Timely OP. I am at the last stage of my implant epic journey.

First off, it is/has taken a LOT longer than I was expecting. The oral surgeon did lay out the various steps, but he kind of glossed over just how long it was between each step. I had the tooth extracted back in Feb., and I’ll be getting my final crown just before the end of the year.

It is/has also been very expensive, and my insurance only covered a small fraction of it. So the bulk of the 7k bill is being paid by you-know-who. This has been a huge lesson in the difference between medical insurance and dental insurance. And no, the insurance’s lack of coverage is not because this is a “cosmetic” implant - in fact it is a molar so far back you’d have a hard time seeing it at all.
(Dental insurance isn’t about covering your “dental health”, it is about covering what they want to cover. Everything else is on you).

There is some debate as to whether my needing to wear this “spacer” thing (kind of like a retainer) 1) after the extraction up until 2) when they inserted the actual “implant” (the “tap” into the bone/jaw) was really necessary. My regular dentist pushed for this: his concern was that while the tooth was missing, the tooth on the opposite jaw above the gap might start to grow into the space. So the spacer thing was to keep the upper tooth from becoming “fang like” I guess. But yes, extra expense and probably one of the more annoying aspects of this process. I was to wear the spacer for 6 hours each day, for about 6 months. It affected my speech, and was just annoying in general.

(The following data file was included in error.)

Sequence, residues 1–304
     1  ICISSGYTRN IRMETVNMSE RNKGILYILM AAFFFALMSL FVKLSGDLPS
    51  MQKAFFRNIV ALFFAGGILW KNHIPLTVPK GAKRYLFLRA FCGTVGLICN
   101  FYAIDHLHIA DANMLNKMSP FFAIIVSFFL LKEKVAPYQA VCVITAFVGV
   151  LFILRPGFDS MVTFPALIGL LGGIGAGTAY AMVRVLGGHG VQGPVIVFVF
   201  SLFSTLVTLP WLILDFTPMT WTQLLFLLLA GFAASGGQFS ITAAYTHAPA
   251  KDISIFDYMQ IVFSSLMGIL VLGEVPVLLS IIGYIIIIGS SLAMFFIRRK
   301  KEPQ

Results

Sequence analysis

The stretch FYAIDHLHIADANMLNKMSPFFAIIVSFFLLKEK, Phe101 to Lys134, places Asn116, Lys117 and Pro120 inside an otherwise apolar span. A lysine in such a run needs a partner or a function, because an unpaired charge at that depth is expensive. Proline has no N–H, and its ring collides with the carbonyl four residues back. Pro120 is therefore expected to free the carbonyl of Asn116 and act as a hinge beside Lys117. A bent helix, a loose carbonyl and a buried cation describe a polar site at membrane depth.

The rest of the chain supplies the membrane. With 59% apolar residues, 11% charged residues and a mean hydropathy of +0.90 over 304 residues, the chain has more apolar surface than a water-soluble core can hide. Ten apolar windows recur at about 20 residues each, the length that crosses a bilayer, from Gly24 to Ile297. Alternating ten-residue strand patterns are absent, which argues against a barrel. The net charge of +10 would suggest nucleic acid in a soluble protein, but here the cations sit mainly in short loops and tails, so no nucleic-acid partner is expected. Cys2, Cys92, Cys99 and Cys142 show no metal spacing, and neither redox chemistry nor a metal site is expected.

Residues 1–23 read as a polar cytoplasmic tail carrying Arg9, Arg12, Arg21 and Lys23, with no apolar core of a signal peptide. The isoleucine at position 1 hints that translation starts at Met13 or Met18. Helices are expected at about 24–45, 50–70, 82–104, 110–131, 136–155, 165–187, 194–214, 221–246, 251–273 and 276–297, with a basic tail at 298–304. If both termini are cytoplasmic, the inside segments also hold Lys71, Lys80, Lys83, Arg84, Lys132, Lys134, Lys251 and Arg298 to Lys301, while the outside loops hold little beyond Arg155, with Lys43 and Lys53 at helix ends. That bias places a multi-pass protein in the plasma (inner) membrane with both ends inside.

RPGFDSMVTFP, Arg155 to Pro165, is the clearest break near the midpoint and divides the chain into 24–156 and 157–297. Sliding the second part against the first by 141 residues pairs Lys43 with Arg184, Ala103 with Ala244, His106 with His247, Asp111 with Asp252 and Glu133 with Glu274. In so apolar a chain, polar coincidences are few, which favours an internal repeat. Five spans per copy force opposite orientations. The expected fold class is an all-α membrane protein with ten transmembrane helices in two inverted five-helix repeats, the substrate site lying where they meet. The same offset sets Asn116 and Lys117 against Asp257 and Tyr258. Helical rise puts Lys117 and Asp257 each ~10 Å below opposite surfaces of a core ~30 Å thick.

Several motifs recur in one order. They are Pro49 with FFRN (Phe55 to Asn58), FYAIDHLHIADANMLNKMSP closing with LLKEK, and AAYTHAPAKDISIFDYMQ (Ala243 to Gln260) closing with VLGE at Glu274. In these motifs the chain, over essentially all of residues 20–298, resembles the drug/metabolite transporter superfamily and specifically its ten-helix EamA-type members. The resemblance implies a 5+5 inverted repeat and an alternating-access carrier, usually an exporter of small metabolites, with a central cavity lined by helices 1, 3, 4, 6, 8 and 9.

As to discomfort, the tooth extraction was by far the worst part (recovering, not during). And there’s a bunch of treatments to do in the weeks after the pull (plus the antibiotics to take). The “tap” was no big deal, and I expect the final crown to be pretty straight forward and not uncomfortable.

I remember asking when it was first determined that my tooth had fractured whether I even needed a replacement, or if I could just do without. Not sure if it was just to line their pockets, but my dentist and the oral surgeon both recommended the implant. For the past months getting by without the tooth at all (I did not wear the spacer thing when eating), I seem to get by just fine. So if I had to do it all over again, I think I might question the “need” a bit more. (If it is a more visible tooth, then the cosmetic impact would need to be considered. But if it was a hidden molar again, I would definitely ask).

Feel free to ask any specific questions.